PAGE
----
Graeme Smith was a journalist in Afghanistan from 2005 to 2011, writing primarily for The Globe & Mail, Canada’s major national newspaper. This book is his look back at his trips to Afghanistan, his experiences, and his changing opinions.
When Smith arrives in Afghanistan for the first time in September 2005, it is a place of optimism. Heavy with international and military presence, Afghanistan seems to be on the cusp of big change and many foreign workers believe that things will only get better for the country and its people. We follow Smith over the next few years as he (and others) come to realize this is not the case. Smith follows along with the military (not just Canadian but British and American too) but also makes an effort to interview locals, politicians, and fighters on both sides. There is a broad spectrum of experiences and opinions on display here. The book is not a memoir but neither is it a piece of pure reporting. Smith and his own reactions are fully on display and we see him evolve and adapt as the country changes around him. There’s no denying that simply being a foreigner means that his experience will be different from a local citizen but he does present a broad array of characters, even working to collect interviews from those involved with or connected to the Taliban. (He does this with the aid of a more neutral party who conducts the interviews themselves.)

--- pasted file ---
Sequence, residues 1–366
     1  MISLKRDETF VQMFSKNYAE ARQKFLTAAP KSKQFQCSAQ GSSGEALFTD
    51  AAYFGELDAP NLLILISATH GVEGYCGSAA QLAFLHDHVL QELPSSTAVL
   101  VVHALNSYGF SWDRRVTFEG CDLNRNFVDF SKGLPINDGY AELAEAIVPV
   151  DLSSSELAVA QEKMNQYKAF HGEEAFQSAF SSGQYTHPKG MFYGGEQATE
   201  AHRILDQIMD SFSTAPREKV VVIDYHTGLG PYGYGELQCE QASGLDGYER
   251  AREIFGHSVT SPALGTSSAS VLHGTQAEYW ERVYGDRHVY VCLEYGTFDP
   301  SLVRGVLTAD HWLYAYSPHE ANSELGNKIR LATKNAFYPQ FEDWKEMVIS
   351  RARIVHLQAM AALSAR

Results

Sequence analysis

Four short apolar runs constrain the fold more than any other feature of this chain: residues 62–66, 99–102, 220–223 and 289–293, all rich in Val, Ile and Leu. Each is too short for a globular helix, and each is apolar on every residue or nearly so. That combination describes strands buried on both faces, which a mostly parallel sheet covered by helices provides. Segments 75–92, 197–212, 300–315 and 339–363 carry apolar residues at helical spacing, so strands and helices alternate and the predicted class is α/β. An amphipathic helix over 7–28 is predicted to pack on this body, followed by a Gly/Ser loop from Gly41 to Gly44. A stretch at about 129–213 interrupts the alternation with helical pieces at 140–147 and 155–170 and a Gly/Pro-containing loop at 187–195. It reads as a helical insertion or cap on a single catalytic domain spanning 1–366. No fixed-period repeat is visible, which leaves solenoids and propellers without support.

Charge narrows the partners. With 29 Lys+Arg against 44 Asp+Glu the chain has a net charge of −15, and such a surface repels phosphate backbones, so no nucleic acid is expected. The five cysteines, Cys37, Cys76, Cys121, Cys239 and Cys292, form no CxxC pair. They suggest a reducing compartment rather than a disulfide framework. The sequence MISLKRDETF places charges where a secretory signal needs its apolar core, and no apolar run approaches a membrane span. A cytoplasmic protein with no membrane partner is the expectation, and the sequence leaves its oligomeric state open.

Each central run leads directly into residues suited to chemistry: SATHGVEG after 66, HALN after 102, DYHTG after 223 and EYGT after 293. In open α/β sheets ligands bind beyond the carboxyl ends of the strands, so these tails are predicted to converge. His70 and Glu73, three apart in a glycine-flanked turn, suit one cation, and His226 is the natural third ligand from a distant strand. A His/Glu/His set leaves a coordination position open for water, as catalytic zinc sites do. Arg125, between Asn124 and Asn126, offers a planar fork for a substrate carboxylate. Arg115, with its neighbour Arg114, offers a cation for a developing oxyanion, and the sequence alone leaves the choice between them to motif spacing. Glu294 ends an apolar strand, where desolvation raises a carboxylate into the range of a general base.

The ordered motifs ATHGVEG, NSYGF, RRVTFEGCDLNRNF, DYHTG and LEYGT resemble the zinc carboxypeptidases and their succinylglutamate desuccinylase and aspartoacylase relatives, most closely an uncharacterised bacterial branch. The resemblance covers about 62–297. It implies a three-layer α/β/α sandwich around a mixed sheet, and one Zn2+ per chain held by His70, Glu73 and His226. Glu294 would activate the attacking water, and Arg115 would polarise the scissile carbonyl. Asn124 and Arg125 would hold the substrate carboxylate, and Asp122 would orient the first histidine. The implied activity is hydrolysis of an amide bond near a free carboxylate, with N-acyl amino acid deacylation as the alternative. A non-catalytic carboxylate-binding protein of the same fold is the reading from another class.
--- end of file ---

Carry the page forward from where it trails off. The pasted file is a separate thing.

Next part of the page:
Perhaps the most powerful section is when Smith details his investigations into prisons. Insurgents are captured, often by foreign troops, and then handed over to local authorities and police. There is a myriad of evidence that these men are then tortured in prison and held without trial or charge. Smith does a fantastic job of laying out where the responsibilities of a government and military like Canada’s lies. How can we as a nation condemn torture but then place human beings into a situation where they are likely being tortured?
There is also the question of whether we should have been there at all? Was this truly a situation that warranted international involvement or was it a tribal conflict that the West became involved with for their own interests? Can you force another country to adopt a lifestyle that the people themselves might not want? These are big questions and Smith doesn’t attempt to offer cut and dry solutions for them. He lays out the things he has witnessed, sometimes with his own opinions quietly lurking behind them, sometimes not. Overall, the book is a snapshot of Afghanistan, as Smith experienced it, in those years. Already, I’m sure, the situation has changed quite a lot and will continue to change. I think the strength of a book like this lies in helping the average Canadian become more informed about what our country is doing internationally, what it stands for, and what we want it to stand for.